It seemed eerily similar to 2012 in downtown Montreal Tuesday afternoon, when over 1,000 students marched through the streets demanding free university tuition.

The protest came ten years to the day after the largest protest of the 2012 Maple Spring.

Montreal students went again on strike, this time donning red squares, with hopes of reigniting the movement.

“We want the government to make a change and provide us free tuition right away,” said Ludmila Herault, a 17-year-old student at CEGEP Bois-de-Boulogne.

On March 22, 2012, hundreds of thousands marched against the government of then-premier Jean Charest’s intention to raise university fees.

It was part of a student protest that stopped the city for months, and the hike was finally repealed.

At the moment, Herault was eight years old.

“I was in primary school, and my tuition was covered. “These days, I’m in college and going to university, and my tuition isn’t covered,” she explained.

Marie-Claude Barbeau Sylvestre was a master’s student when she took part in the demonstrations in 2012. She was a teacher in the 2022 version, supporting her pupils’ requests.

“It’s really good to see that there’s a heritage, but at the same time that students can take the topic in their own hands and bring their own voice and worries to it,” said the philosophy instructor at CEGEP Vieux Montreal.

The new demonstrators demand free college tuition, paid internships, and other benefits.

The protest was largely francophone, although there was a tiny group from Montreal’s English institutions, Concordia and McGill.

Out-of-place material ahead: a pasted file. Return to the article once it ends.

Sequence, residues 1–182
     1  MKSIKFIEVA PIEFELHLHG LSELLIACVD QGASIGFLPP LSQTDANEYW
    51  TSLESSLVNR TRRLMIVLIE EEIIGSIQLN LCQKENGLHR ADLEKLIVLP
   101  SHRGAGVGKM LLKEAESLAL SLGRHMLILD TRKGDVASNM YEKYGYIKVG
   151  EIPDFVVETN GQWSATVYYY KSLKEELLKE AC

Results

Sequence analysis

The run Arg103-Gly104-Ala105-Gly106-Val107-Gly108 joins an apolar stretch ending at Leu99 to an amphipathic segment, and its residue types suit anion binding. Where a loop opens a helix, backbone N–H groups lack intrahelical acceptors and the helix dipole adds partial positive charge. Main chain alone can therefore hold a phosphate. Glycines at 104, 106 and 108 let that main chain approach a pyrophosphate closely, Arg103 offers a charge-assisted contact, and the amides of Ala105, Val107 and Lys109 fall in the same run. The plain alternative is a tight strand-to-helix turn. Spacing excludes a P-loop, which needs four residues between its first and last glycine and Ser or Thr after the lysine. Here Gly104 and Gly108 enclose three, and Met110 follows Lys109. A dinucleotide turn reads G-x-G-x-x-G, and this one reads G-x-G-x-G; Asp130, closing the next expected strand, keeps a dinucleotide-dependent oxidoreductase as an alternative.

None of the student unions at English CEGEPs opted to strike.

“It’s about actually sort of proving that the student mobilisation is still alive and showing that, you know, we’re still able to assemble together in groups and are still (able) to make demands collectively in this way,” Concordia student Joshua Sallos explained.

Unlike in 2012, when students went on an indefinite strike, this one was only for a single day.

Over 50,000 students opted to protest by walking out of class.

“It’s meant to be a fundamental right, a basic right to learn,” said David Dessalines, a student at College Maisonneuve.

According to police, they were not alerted in advance of the students’ march through downtown Montreal.

“Everywhere, the working class and students’ living conditions are under attack, while the wealthiest become richer,” said Olivier Turbide, a student at the University of Quebec in Montreal (UQAM).

On Thursday, another nocturnal demonstration is scheduled. In 2012, they frequently get out of hand.

On Friday, students will also march for the environment.

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